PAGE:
Older adults given a falls prevention plan in primary care settings are less likely to be hospitalised, according to a US study by nurse researchers.
It found the Stopping Elderly Accidents, Deaths, and Injuries (STEADI) initiative lowered the number of falls-related admissions among older adults compared to not giving any falls prevention care plan.
“These system-wide changes were shown to have a positive impact on reducing hospitalisations”
In both the US and the UK, guidelines recommend a multifactorial approach to falls prevention and the NHS possesses a guide. However, these steps are not always followed in primary care facilities.
This discrepancy led researchers at Binghamton University in New York to implement the STEADI approach and monitor the impact that it had on the number of falls in the New York Health System.
The researchers grouped 12,346 participants, aged 65 or older, into three categories – at-risk and no falls plan of care, at-risk with a plan, and not-at-risk.
The STEADI programme included a variety of materials, from clinical algorithms to training videos, in order to aid healthcare providers in discussing fall prevention care plans with older adults.
The initiative, described in the journal The Gerontologist, is split into three core parts – screening, assessing, and intervening.
Older adults were screened to identify who had an increased risk of fall. They then were assessed to identify modifiable risk factors, such as home evaluations, blood pressure tests, medication reviews, and balance tests.
“This study included a limited number of interventions such as providing fall prevention educational materials”
Finally, healthcare providers gave interventions with tested strategies to reduce risk of falls, such as a strength and balance programme, corrective eyewear, or medication management.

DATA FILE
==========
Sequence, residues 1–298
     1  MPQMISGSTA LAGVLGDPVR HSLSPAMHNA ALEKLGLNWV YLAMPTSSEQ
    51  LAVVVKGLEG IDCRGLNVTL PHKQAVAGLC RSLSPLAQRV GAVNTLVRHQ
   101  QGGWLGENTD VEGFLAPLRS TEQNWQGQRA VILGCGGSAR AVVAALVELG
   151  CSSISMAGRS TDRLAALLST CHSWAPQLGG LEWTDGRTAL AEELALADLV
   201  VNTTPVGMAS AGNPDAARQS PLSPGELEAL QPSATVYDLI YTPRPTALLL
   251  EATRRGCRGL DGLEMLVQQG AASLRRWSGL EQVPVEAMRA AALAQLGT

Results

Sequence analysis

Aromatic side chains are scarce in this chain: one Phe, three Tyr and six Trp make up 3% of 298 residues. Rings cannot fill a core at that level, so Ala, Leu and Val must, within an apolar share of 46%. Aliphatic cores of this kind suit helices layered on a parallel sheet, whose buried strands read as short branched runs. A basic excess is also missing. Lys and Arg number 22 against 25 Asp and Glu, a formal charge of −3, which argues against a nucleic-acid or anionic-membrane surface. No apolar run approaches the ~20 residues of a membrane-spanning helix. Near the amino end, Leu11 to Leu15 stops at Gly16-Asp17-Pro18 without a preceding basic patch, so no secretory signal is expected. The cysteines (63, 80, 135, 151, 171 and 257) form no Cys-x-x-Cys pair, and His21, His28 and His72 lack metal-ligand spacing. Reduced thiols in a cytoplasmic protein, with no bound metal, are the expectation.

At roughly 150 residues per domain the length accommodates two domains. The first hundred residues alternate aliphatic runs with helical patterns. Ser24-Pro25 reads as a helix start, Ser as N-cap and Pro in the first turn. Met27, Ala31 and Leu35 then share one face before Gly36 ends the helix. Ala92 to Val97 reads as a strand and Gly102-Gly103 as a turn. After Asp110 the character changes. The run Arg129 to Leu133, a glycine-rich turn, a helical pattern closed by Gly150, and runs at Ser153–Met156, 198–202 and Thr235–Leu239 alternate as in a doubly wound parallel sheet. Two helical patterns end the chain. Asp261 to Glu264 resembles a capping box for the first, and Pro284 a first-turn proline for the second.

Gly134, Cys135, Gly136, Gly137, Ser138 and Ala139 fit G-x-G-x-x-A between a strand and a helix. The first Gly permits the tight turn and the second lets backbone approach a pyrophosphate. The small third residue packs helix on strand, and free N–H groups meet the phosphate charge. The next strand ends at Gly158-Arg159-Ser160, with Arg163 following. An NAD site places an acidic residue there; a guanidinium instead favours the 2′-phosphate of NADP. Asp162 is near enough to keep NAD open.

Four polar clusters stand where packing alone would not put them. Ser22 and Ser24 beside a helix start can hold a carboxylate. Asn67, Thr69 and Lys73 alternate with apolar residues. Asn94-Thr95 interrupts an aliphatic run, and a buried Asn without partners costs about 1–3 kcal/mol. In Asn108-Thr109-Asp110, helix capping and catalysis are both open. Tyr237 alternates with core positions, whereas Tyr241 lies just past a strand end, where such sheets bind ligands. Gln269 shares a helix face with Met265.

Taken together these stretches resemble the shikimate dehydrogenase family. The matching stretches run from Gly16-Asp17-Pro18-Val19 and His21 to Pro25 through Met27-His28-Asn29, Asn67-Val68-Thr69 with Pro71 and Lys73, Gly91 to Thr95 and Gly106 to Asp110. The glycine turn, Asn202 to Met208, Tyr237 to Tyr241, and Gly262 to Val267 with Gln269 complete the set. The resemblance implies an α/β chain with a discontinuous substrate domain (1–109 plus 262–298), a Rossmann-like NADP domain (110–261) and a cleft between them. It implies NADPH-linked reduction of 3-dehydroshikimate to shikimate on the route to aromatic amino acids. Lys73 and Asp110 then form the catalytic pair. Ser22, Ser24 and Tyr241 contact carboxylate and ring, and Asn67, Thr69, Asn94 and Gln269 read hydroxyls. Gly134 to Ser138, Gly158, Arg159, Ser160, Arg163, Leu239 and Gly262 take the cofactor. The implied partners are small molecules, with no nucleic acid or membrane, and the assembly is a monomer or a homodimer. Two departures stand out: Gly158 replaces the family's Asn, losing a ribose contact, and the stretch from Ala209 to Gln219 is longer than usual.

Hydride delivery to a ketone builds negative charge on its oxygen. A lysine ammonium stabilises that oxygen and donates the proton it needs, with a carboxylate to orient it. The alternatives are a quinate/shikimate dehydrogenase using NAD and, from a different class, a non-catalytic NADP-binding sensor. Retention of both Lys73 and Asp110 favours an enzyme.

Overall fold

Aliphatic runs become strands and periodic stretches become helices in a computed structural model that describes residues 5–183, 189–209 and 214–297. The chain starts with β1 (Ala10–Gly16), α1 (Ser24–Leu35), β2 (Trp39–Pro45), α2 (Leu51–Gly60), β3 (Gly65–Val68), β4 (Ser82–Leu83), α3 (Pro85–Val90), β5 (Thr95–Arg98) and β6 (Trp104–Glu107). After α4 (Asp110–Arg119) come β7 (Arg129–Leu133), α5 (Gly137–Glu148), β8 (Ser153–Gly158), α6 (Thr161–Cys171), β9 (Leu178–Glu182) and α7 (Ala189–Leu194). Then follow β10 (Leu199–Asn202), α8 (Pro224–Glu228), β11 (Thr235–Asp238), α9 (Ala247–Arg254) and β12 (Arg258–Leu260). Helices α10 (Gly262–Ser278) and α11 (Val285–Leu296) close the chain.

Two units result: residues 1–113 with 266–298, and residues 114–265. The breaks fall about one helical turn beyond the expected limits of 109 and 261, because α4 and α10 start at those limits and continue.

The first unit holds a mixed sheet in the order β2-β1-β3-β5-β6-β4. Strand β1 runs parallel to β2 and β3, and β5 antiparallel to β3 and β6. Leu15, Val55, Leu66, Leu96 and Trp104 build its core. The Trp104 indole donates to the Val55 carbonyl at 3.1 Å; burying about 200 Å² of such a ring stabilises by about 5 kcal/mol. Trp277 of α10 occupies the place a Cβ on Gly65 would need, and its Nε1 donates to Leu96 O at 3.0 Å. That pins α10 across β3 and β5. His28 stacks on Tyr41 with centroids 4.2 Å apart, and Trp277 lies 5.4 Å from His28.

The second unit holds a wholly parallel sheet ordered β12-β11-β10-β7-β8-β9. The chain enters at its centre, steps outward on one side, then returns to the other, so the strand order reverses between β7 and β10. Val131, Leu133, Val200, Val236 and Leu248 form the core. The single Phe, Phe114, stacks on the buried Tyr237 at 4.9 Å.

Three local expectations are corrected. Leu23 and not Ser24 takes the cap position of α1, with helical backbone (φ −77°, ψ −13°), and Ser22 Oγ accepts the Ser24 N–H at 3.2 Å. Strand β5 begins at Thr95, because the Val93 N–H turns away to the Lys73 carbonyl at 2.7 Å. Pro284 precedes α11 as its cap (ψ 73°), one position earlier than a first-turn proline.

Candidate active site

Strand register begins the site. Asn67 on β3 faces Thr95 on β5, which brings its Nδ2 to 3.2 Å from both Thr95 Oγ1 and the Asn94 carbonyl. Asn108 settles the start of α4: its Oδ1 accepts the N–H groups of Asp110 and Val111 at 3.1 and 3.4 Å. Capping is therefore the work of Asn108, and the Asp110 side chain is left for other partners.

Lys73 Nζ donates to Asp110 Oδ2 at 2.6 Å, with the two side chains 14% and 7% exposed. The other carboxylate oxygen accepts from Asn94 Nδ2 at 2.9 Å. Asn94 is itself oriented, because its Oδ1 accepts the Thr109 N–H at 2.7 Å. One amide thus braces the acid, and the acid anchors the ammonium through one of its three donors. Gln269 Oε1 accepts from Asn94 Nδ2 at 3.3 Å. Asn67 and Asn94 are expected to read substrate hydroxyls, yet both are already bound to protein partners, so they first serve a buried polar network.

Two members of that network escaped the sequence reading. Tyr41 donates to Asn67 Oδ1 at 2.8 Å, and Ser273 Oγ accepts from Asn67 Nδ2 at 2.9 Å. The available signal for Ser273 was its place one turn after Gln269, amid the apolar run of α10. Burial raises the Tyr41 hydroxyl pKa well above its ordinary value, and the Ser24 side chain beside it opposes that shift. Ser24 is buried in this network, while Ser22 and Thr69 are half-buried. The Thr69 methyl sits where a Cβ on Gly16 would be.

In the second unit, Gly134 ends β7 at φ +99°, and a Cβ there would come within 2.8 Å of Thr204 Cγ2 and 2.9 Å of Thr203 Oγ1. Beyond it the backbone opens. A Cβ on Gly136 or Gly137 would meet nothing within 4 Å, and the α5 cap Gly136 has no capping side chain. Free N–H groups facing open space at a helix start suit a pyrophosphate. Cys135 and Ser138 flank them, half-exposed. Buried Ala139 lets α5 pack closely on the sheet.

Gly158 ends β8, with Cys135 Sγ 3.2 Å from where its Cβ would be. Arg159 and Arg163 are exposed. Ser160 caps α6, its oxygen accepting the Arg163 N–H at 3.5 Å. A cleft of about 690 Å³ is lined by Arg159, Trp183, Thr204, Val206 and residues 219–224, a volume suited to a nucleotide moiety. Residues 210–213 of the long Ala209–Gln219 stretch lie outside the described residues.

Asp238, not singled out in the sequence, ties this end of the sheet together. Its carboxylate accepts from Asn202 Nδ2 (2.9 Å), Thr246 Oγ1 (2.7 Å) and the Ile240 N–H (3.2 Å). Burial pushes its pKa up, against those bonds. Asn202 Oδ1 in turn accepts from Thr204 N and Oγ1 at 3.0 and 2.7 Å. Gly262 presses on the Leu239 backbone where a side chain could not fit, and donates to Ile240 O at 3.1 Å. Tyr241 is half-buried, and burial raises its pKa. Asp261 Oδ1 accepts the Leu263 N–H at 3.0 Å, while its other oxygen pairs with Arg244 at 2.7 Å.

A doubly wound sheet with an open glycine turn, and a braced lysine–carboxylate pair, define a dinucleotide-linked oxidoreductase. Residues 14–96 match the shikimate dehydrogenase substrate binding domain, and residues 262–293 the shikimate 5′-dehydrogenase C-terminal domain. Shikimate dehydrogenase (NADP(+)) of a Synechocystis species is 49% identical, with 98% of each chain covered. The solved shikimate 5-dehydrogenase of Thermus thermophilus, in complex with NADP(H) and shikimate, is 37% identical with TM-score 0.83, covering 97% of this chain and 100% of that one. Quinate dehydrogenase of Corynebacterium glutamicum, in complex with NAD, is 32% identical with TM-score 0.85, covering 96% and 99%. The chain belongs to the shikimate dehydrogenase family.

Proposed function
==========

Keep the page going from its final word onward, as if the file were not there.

The STEADI initiative was implemented by training health care providers in its use and by modifying the outpatient electronic health records to include testing for STEADI associated data.
At the end of their two-year monitoring of patients, the researchers found that older adults who had a STEADI fall prevention plan were 0.6 times less likely to fall and their post-intervention odds were similar to those who were not at risk for a fall at all.
The researchers said: “This study shows that the STEADI conceptual framework for fall prevention can be used to identify and address modifiable risk factors in primary care settings to reduce the number of older adult fall-related hospitalisations.
“This study included a limited number of interventions such as providing fall prevention educational materials, prescribing an assistive device, and/or referring at-risk older adults to physical therapy or a community falls prevention programme,” they said.
“Implementing additional evidence-based falls prevention interventions such as vision checks, podiatrist referrals, and medication review and management would address additional modifiable risk factors and have the potential to reduce fall injuries even further, they added.
Study author Yvonne Johnston, research associate professor at the Binghamton University Decker school of nursing, said the findings demonstrated that screening and referral for older adults in the primary care setting could be done.
“The STEADI initiative can be feasibly modified to streamline office workflow, and incorporation of a fall risk screening protocol in the electronic health record can provide a supportive infrastructure for addressing fall risk among older adults.
“These system-wide changes – screening for fall risk among older adults in primary care and developing a plan of care for those identified as being at risk for fall – were shown to have a positive impact on reducing hospitalisations,” added Ms Johnston.